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Parent Email–September 12, 2011

  • Parents Weekend Registration Deadline Extended to Wednesday
  • Homesickness 2.0
  • Parents' Role in Student Success
  • Internships
  • Service Learning for Parents and Students
  • Miscellaneous

It's another shorts-and-sandals day on campus, but as the week continues and temperatures drop, students may be breaking out the jeans, hoodies, and sneakers. Most important, students have now made it through the first week of the 2011-2012 academic year, and they're figuring out a routine for fall semester. Sunning on Northrop Mall may not be a long-term solution for what to do between classes, but it's an option for today.

Last week we posted photos of Northrop Mall and other campus sites on the University of Minnesota Parent Program's Facebook page. To keep up with our postings, sign in to your Facebook account, go to the Parent Program page, and "like" us. And if you have been reading our common book, "Outcasts United," take part in the book discussion on the Facebook Discussions page.

Parents Weekend Registration Deadline Extended to Wednesday

The Carlson School of Management (for parents of first year students) and the College of Education and Human Development have both scheduled an open house reception for parents on Friday, September 30. In order to ensure that Carlson and CEHD parents have the opportunity to attend Parents Weekend and include the open houses on their schedule, we are extending the registration deadline for Parents Weekend until Wednesday, September 14. (Parents can still register between September 15 and 22, but there will be a $10 late fee added to the registration.)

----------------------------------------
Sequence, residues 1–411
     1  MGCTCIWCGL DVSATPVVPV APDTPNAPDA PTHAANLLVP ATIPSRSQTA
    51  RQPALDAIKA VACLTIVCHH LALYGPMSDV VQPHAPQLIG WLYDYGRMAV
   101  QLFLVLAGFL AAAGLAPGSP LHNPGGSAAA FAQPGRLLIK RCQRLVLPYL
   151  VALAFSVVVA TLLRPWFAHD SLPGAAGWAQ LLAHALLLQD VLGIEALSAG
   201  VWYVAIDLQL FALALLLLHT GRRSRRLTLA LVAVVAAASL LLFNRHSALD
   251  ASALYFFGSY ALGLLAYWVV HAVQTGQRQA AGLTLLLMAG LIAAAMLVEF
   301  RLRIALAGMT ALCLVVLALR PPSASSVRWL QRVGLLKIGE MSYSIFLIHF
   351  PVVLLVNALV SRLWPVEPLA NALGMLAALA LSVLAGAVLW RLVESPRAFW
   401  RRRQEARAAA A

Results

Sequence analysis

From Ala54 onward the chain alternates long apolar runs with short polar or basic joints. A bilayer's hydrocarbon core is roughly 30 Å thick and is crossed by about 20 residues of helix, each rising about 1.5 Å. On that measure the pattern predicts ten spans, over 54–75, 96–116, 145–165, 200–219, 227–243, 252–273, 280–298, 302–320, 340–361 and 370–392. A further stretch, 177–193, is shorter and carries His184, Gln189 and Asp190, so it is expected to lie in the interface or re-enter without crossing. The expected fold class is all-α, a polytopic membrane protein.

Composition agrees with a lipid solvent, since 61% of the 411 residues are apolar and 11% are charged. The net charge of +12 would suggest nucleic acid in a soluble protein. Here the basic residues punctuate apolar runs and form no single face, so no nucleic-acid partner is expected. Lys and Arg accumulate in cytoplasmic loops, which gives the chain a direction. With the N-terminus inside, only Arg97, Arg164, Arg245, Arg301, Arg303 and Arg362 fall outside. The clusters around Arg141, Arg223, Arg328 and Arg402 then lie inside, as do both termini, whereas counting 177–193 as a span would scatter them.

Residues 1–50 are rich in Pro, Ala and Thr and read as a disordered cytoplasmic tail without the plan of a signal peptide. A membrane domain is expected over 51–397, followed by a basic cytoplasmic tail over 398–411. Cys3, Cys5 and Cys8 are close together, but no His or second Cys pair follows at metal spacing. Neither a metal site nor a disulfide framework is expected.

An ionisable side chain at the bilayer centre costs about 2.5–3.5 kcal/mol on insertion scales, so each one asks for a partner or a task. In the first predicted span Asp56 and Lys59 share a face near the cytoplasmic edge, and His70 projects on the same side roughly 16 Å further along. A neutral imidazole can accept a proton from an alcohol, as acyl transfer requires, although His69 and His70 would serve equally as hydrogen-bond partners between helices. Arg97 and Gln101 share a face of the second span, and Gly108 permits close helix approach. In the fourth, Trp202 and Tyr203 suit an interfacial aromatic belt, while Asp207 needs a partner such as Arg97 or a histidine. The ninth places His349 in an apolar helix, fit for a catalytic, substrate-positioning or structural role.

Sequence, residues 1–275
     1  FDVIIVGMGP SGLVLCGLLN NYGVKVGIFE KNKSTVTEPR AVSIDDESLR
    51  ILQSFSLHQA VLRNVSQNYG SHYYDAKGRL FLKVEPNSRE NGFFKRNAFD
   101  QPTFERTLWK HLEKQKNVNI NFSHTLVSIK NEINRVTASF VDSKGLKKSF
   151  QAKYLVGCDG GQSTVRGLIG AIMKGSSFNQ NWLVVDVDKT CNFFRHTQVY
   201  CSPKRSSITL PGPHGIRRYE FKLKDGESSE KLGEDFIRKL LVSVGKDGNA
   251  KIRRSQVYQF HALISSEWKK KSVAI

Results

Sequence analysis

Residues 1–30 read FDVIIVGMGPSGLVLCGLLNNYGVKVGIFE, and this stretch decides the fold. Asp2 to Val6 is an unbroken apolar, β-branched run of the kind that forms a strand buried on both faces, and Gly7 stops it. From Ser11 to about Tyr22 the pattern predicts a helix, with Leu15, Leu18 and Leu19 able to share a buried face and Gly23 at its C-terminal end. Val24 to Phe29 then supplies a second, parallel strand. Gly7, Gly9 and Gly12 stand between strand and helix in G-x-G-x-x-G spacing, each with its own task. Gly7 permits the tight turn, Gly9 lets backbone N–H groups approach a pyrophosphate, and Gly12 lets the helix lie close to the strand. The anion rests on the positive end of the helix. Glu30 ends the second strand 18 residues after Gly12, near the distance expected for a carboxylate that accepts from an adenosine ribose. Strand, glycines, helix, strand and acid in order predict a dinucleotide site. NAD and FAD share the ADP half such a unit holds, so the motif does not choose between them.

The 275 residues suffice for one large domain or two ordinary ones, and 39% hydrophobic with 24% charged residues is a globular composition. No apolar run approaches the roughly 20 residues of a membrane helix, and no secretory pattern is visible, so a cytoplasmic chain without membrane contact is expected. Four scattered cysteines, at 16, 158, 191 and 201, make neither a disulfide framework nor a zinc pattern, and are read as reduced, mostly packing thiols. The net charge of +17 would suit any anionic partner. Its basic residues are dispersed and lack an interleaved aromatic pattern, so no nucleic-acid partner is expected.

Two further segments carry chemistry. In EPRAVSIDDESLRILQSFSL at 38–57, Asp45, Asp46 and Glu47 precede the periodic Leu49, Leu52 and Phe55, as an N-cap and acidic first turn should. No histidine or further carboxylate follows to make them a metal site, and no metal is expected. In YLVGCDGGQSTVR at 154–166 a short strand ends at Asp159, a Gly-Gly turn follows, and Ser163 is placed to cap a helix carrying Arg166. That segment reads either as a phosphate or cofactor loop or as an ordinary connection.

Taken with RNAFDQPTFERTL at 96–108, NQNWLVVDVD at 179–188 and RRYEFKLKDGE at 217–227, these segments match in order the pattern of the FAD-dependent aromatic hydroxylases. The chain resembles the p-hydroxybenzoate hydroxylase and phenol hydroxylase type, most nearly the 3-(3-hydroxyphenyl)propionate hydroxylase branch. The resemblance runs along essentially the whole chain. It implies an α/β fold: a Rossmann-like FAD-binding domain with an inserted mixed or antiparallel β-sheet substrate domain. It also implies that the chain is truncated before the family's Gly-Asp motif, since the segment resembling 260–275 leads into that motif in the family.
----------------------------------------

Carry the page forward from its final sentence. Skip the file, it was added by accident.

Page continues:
Parents of first-year Carlson School students need to fill out a separate registration for the open house, which will be held at the Carlson School from 4:30 to 6:30 p.m., Friday, September 30.

The CEHD open house is from 3:30 to 5:30 p.m., Friday, September 30, in Room 360 Education Sciences.

Homesickness 2.0

Some students experience homesickness as soon as they arrive on campus. For others, so much is happening the first few days of school, there is no time to miss home and family. Once the excitement starts to wear off, though, students can begin to realize that they're missing things at home, and that family and friends are going on without them. There is also a realization that their expectations of college life don't always match up with the reality of roommates, study schedules, and sleeping in a lofted single-bed. In some cases, homesickness doesn't come out as, "I miss my mom and dad," but students suffer more vague emotions of anxiety, sadness, or a feeling that "something's missing."